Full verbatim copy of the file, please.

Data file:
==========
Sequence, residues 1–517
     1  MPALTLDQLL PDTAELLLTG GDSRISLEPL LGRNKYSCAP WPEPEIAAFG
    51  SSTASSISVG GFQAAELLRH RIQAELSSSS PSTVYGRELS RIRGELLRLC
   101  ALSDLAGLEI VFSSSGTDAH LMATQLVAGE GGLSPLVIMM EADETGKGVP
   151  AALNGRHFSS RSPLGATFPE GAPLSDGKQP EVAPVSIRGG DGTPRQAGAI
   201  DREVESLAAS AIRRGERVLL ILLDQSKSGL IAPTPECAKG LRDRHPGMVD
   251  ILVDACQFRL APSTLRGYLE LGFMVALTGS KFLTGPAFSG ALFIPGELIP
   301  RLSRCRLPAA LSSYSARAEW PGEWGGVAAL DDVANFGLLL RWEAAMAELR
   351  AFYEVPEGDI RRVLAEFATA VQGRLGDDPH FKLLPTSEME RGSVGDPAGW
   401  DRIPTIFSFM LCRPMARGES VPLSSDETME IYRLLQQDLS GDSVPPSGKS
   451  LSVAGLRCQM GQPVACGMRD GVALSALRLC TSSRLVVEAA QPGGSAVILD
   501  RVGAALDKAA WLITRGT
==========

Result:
Sequence, residues 1–517
     1  MPALTLDQLL PDTAELLLTG GDSRISLEPL LGRNKYSCAP WPEPEIAAFG
    51  SSTASSISVG GFQAAELLRH RIQAELSSSS PSTVYGRELS RIRGELLRLC
   101  ALSDLAGLEI VFSSSGTDAH LMATQLVAGE GGLSPLVIMM EADETGKGVP
   151  AALNGRHFSS RSPLGATFPE GAPLSDGKQP EVAPVSIRGG DGTPRQAGAI
   201  DREVESLAAS AIRRGERVLL ILLDQSKSGL IAPTPECAKG LRDRHPGMVD
   251  ILVDACQFRL APSTLRGYLE LGFMVALTGS KFLTGPAFSG ALFIPGELIP
   301  RLSRCRLPAA LSSYSARAEW PGEWGGVAAL DDVANFGLLL RWEAAMAELR
   351  AFYEVPEGDI RRVLAEFATA VQGRLGDDPH FKLLPTSEME RGSVGDPAGW
   401  DRIPTIFSFM LCRPMARGES VPLSSDETME IYRLLQQDLS GDSVPPSGKS
   451  LSVAGLRCQM GQPVACGMRD GVALSALRLC TSSRLVVEAA QPGGSAVILD
   501  RVGAALDKAA WLITRGT